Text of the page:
Experts from around the world attending a Royal Society conference in London said there was an increasing likelihood of viruses jumping the species barrier and infecting human beings.

The observations come in light of the recent spread of SARS and bird flu across China and Southeast Asia.

China has confirmed two cases of SARS while the list of suspected cases has been mounting.

In Vietnam, three people have already died of bird flu while two more were confirmed to be carrying the disease on Wednesday.

While civet cats have been blamed for the spread of SARS in China, chickens and ducks have been the prime suspects in the bird flu cases.

Massive cull

Civet cats have been blamed for
the re-emergence of SARS

China has undertaken a masive cull of civet cats and the Southeast nations have been destroying chickens and ducks by the thousands.

Experts in Guangzhou in China, where the first case of SARS was recorded, said they were hopeful the cull would stop SARS from spreading.

They added SARS would always be around and early diagnosis and treatment were the only ways of containing it.

Scientists believe existing evidence point to the fact that SARS had jumped the species barrier from animals to humans.

The World Health Organisation (WHO) has also highlighted the risk of cross-species infection.

The transmission of the SARS and bird flu viruses to humans was a cause for "heightened vigilance and surveillance", the organisation said in a statement.

It also said the mingling of animal viruses with human ones could create opportunities for different viruses, previously specific to one species, to exchange genetic material.

This could create new viruses "to which humans would have little, if any, protective immunity", the WHO warned.

New cases

Vietnam announced on Wednesday it had two more suspected cases of bird flu as attention turned to pigs as possible carriers for the illness.

Millions of chickens have been
culled in Vietnam and S Korea 

A 15-month-girl and a man are suspected of contracting avian influenza strain A, also known as H5N1, Dau Ngoc Hao, deputy director of the Agriculture Ministry's Veterinary Department in Hanoi, said on Wednesday.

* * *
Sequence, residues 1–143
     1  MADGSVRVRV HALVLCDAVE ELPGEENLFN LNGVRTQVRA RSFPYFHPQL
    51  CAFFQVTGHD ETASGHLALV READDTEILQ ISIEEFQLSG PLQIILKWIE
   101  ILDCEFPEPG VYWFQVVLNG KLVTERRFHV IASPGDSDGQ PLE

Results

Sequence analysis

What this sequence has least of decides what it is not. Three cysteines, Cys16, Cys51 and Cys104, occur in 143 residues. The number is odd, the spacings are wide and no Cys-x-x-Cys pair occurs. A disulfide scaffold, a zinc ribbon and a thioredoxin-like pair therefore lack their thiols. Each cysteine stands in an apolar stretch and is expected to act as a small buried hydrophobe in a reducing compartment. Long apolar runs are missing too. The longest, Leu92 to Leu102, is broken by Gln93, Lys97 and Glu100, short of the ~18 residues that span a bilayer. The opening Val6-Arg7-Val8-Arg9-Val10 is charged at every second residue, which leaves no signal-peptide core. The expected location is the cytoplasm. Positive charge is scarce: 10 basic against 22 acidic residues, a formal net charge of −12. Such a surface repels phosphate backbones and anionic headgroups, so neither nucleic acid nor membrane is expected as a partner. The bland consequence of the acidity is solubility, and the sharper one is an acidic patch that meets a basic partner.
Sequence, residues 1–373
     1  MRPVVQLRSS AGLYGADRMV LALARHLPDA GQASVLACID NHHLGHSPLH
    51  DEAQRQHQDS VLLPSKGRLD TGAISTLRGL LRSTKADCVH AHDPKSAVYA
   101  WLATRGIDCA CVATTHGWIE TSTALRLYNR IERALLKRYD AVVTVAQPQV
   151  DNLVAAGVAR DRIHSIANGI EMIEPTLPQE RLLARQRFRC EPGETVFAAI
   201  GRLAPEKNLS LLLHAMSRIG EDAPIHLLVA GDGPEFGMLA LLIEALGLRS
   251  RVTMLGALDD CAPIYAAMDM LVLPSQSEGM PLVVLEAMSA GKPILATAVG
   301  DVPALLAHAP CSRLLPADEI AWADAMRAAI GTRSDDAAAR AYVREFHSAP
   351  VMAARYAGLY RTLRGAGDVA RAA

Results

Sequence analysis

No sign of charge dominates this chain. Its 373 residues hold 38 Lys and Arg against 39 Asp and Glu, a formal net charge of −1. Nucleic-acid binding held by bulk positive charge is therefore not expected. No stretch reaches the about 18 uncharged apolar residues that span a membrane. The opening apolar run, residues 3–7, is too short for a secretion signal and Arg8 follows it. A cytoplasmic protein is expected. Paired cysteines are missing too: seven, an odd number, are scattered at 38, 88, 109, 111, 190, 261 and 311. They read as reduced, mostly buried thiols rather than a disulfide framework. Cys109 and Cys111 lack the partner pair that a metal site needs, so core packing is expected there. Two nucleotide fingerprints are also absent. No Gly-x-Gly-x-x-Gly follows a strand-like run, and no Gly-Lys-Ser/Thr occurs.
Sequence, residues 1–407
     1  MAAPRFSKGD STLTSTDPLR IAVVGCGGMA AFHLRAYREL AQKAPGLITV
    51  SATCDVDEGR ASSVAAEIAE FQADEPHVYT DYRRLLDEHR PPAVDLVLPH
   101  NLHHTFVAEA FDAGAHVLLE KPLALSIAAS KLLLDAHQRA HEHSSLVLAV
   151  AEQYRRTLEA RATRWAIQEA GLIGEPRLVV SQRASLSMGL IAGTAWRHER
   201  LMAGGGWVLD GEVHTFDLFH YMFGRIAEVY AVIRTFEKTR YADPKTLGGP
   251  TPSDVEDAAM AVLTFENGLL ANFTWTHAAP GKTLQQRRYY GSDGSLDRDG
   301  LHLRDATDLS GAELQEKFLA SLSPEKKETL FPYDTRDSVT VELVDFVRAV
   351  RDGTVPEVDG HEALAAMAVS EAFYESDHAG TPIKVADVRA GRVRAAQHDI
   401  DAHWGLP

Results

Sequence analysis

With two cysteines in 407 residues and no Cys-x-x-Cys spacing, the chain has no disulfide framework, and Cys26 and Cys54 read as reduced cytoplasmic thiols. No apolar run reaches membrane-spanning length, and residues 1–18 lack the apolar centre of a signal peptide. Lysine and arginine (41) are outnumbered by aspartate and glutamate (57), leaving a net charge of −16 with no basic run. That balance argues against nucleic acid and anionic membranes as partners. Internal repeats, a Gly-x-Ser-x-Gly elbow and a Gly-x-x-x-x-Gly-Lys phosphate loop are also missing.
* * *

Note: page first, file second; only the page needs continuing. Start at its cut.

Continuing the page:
They are among 15 people who are down with influenza in Hanoi and nearby areas. Twelve, most of them children, have died.

The WHO said on Tuesday that tests conducted by a Hong Kong laboratory had confirmed that bird flu killed three of the 15.

Hao suspected pigs were playing a role in the transmission of bird flu to humans.

"It is possible that the bird flu virus spreads from chickens to pigs before jumping on humans," he said.

Local officials said ducks and pigs were also dying in the southern provinces.

WHO warning

"The evidence to date is that there is no sign of human-to-human transmission"

Dr Shigeru Omi,
World Health Organisation

Hanoi declared last week that it had been struck by a fast-spreading bird flu that had hit other countries in Asia.
 
The WHO, however, said there were no signs yet of an outbreak.

"The evidence to date is that there is no sign of human-to-human transmission," Dr Shigeru Omi of the WHO said in a statement.

He, however, cautioned the consequences would be dire if the virus latched on to the human influenza virus and spread among people, who have little immune protection against the strain.

"The ensuing virus would then be highly pathogenic and transmissible," said Omi, the WHO's Regional Director for the Western Pacific.

Worries mount

In a region already reeling under the re-emergence of SARS, health officials say they are worried by the rapid spread of bird flu in Japan, South Korean and Vietnam.

The Paris-based world animal disease body OIE said it would send scientists to Asia to investigate the cases, which it said could pose a serious threat to humans under certain conditions.